In terms of how they will try and deal with Richardson, the recipe won’t change from the other games. Try to win the line of scrimmage with the defensive line and allow the back seven to swarm to the ball. What actually worries me about Richardson is his skills as a pass-catcher, because LSU’s linebackers haven’t been great in coverage this season. That might be a way for the Tide to create some space for him to work with.
RBR: While Alabama leads LSU in just about every statistical category you can think of, the difference between the two is usually pretty slim. That suggests momentum changers could be a big factor on Saturday. Would a focus on special teams and turnover margin be an advantage for the Tigers and why?
ATVS: Winning the turnover battle and playing sound special teams are a major part of this LSU team’s identity, and will certainly have to be factor on Saturday. And in the case of special teams, it may be the one area where LSU holds a clear edge. The Tigers have allowed all of seven punt return yards this season, and that stat was sub-zero just three weeks ago or so.
Brad Wing isn’t just the SEC’s leader in punting, he’s dropped 15 of 31 inside the 20 and while I haven’t looked up the specific number, I’d be willing to bet between five and 10 of those were downed inside the five. Kickoff coverage was a little shaky to start the year, but has improved just about every week and freshman kicker James Hairston has eight touchbacks in just five games. Field-goal kicker Drew Alleman has been steady and made 10 of 12 this season, though I don’t think either team wants to be kicking a lot of field goals on Saturday.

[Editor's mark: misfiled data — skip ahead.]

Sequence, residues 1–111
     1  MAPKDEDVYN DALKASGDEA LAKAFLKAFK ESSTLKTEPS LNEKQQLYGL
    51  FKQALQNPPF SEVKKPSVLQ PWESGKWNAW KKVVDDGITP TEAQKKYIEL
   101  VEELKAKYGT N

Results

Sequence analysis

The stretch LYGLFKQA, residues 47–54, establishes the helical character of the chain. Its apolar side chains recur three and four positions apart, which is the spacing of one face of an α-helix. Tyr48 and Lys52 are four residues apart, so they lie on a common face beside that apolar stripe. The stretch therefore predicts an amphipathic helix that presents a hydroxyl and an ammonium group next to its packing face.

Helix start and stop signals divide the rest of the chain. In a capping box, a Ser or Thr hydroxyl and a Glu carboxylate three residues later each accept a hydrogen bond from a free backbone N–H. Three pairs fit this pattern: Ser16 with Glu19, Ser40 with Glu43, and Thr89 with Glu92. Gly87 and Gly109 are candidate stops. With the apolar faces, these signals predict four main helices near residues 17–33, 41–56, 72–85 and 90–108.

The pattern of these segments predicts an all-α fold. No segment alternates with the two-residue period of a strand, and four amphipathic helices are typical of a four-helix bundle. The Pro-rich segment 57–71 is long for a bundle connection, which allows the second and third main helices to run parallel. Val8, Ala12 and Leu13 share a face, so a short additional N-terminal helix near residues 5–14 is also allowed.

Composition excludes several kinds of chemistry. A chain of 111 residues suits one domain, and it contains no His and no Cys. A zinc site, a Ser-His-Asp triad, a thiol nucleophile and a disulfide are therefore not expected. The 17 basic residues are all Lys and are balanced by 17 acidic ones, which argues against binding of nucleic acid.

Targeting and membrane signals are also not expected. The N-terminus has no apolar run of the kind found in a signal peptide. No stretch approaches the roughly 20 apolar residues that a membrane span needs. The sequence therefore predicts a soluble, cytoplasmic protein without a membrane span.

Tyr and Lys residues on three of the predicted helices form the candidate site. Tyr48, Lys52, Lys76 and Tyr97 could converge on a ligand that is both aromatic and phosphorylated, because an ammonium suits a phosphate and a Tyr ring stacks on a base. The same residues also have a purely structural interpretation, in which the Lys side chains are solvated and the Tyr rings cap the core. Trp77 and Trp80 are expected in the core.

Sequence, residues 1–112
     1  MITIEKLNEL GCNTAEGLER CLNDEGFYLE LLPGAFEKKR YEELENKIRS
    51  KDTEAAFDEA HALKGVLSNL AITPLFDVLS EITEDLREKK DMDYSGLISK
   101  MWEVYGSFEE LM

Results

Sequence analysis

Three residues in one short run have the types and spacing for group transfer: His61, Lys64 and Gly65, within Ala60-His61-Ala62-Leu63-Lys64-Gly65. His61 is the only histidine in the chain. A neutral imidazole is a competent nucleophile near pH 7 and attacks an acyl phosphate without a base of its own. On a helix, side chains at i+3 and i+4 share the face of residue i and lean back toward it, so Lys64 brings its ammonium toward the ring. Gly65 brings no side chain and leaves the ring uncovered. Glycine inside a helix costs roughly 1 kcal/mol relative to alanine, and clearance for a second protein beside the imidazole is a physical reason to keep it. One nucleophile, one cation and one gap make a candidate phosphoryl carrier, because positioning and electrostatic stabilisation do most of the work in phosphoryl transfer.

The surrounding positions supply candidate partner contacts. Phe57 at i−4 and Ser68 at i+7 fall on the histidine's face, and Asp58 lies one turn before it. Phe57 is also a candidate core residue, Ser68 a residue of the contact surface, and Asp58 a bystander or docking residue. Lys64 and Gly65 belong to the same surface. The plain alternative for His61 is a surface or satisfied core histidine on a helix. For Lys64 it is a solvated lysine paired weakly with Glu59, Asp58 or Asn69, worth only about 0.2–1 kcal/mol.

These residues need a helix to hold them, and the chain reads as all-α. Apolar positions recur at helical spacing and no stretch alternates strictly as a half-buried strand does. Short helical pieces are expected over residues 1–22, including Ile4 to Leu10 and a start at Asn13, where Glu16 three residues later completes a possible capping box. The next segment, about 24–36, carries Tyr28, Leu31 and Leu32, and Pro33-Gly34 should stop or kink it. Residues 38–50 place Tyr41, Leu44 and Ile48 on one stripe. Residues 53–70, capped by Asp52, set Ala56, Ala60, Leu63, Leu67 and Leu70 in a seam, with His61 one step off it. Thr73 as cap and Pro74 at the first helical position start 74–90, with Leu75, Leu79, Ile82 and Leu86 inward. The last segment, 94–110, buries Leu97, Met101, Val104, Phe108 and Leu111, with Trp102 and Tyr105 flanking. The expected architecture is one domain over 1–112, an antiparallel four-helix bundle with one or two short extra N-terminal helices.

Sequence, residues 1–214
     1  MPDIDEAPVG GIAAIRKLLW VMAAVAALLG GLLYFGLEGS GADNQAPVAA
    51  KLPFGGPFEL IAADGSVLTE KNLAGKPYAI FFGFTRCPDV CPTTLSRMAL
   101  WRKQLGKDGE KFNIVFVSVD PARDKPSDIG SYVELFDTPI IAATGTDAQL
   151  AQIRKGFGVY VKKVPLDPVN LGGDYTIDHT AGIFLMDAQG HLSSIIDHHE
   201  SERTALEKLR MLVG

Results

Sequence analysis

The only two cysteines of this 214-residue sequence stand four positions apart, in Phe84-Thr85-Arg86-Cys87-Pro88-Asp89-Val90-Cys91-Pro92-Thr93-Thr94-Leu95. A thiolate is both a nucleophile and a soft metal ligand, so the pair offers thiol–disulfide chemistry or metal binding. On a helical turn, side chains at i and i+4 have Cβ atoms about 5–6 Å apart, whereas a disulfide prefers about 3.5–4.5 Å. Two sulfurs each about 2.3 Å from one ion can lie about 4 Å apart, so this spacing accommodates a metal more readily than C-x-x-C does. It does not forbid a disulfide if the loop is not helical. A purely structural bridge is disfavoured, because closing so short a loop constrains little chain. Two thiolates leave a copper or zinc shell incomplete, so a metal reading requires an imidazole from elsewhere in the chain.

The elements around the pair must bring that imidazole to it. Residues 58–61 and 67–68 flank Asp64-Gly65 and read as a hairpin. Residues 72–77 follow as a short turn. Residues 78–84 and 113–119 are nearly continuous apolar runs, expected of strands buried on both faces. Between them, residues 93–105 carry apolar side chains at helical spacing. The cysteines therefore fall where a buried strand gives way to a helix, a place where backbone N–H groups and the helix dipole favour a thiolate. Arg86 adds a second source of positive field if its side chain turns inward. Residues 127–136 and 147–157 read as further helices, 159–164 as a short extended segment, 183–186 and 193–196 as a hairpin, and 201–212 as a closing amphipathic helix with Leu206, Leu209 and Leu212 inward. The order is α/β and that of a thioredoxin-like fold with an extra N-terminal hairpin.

On punt returns, teams have done a good job of not giving LSU many pitches to hit, but lately the staff has been changing things up, trying Odell Beckham Jr. and Rueben Randle in place of Tyrann Mathieu. Morris Claiborne has been solid on kick returns, though last week Russell Shepard subbed in for him a few times to try something different as well.
RBR: Last year, the ability of Alabama to keep the momentum was clearly dampened by the venue. When the chips were down, the crowd in Tiger Stadium rose up and LSU pulled out the win. Is the fact this game is in Bryant-Denny Stadium (as well as the huge amount of anticipation over the matchup) going to be a significant factor on the outcome of the contest?
ATVS: Well, it’s always difficult going on the road in the SEC, and the home team will always have the advantage of simply being on its own turf, on its own schedule, etc…But in terms of this series, the road has, at times, been more kind to LSU. Some weird stuff has happened when LSU plays Bama in Tiger Stadium, so in a way, I almost prefer the game being in Tuscaloosa.
I think LSU’s schedule helps here. They played in one of the biggest season openers in school history on one of the biggest possible stages in Dallas, and have played two other night games that served as the home teams’ de facto Super Bowls (Mississippi State and West Virginia), and thrived in both environments. Obviously, Bama isn’t State or WVU, but if there’s one thing this LSU team has excelled at, it’s been blocking out distractions. I don’t expect that to change in Bryant-Denny Stadium on Saturday.